For example, CAAAV, if you look at some of their newsletters, they were pushing for the city government to intervene. [They were] talking about how Mayor David Dinkins versus other people in the city were responding. Part of studying these organizations is thinking about the landscape of racial violence they were trying to confront. This is not a new conversation, as many people have pointed out. It’s also looking at what [they did] to try to protect Asian Americans. This is a pretty big task: what does it mean to try to protect ourselves? How do we organizationally try to do that? What does it mean to do that in a noncarceral way is an increasing question that we’re now asking in this era of an accelerated conversation about Defund the Police and abolishing the police. What are noncarceral ways to protect ourselves?

You see glimmers in these organizations of people trying to sort out this bigger question. What does it mean to draw attention to racial violence? How do we measure racial violence? How do we try to protect ourselves? What are the resources or institutions we’re trying to hold accountable? I would say we need to study these organizations more to understand what we’re inheriting.

A Very Murky Definition of Hate: Defining Hate and Police Legitimacy

I talk to a lot of people about hate crime data. People are very surprised to find out what gets measured and what doesn’t. People often assume hate crime is a stand-in for us talking about racism or sexism or homophobia. But, hate crime is really about saying, “we think you’re targeted because you’re a member of that group.”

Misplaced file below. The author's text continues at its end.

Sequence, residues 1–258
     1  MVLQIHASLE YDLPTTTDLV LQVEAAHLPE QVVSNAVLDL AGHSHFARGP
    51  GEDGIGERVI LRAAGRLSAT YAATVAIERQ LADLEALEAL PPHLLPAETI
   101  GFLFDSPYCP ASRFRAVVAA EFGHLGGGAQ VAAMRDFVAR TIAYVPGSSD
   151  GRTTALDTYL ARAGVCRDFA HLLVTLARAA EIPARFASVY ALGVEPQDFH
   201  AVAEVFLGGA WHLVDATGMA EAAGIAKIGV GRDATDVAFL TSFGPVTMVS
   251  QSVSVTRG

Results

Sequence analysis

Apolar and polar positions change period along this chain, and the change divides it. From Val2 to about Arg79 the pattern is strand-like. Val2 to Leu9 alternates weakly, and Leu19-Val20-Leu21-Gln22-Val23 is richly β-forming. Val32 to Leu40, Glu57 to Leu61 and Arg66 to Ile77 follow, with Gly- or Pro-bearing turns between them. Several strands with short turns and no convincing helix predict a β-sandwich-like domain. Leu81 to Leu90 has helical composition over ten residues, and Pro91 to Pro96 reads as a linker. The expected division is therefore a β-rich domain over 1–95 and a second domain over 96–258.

[When] we’re talking about hate crime[s], we might be talking about it casually, but it means something technically to the state. The Department of Justice distinguishes between a hate crime or a bias or hate incident: acts of prejudice that are not crimes or do not involve violence or property damage. […] Some people think a hate crime is just the act itself of racism, an act that’s recognized as a crime itself under law. This is important because we use the term hate crime very loosely, as if the act of racism itself is a crime per se. But it usually means [enhanced penalties]. For example, if you killed somebody and if [the state] thinks there is a motivation for committing that crime based on bias, that’s a hate crime.